New Zealand researcher to discuss Indigenous mental health, well-being study
The Penn State Brandywine campus and the local community will have a unique opportunity to hear from New Zealand researcher Lynne Russell, who has conducted studies in various parts of the world. This free event will be held at Penn State Brandywine on Tuesday, Nov. 12, from 11:30 a.m. to 12:45 p.m. in the Main Building, room 113.
Russell is a Māori academic researcher whose work over the last 25 years has primarily focused on Indigenous mental health and well-being. Her Iwi (tribes) are Kāi Tahu, Ngāti Kahungunu, Rangitāne and Ngāti Porou. As a senior research fellow from the Health Services Research Centre at the Victoria University of Wellington, Russell has had the opportunity to present her work and conduct research around the globe.
She will discuss the findings of her postdoctoral study of Indigenous mental health and well-being across New Zealand, Australia, Canada and the United States.
Bringing a unique approach to conducting research, Russell will describe how she uses traditional storytelling between researcher and participant to gather knowledge. This method was brought about by Russell learning to retell her own life story after experiencing tragedy.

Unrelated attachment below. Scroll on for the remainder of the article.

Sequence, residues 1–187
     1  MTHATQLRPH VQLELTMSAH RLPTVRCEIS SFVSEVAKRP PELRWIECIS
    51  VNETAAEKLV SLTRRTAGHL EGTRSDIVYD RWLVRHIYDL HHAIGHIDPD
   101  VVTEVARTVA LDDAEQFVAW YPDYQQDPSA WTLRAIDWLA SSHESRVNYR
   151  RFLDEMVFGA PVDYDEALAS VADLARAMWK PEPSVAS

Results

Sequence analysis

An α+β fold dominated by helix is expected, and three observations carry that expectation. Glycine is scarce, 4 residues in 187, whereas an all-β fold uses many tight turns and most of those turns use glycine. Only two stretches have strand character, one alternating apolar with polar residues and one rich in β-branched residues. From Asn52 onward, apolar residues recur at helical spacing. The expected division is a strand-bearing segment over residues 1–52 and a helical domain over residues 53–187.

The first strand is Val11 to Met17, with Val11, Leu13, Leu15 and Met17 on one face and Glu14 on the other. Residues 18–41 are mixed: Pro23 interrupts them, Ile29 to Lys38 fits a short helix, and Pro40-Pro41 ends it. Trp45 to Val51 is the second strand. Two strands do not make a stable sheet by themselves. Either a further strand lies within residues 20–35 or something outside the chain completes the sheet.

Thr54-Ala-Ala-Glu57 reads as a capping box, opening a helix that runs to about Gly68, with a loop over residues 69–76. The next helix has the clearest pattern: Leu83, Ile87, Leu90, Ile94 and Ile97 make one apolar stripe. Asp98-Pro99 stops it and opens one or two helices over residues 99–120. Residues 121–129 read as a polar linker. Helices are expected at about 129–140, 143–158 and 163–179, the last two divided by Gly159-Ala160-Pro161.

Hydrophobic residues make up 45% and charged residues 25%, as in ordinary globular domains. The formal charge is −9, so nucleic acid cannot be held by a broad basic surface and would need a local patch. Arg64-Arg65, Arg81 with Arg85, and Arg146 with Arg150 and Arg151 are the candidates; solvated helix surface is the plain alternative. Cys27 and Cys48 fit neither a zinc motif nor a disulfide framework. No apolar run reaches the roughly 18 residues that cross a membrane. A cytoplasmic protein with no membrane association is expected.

She is set to expand on these topics in a series of presentations she will give in Pennsylvania and Washington.
Russell has visited the United States twice before in 2010 for the International Network of Indigenous Health Knowledge and Development conference in Poulsbo, Wash., where she presented her work about the importance of listening to and hearing the Indigenous voice.
Later that year she returned as a postdoctoral research fellow to learn from elders, health service providers, workers, scholars, researchers and other experts in Indigenous mental health and well-being across North America.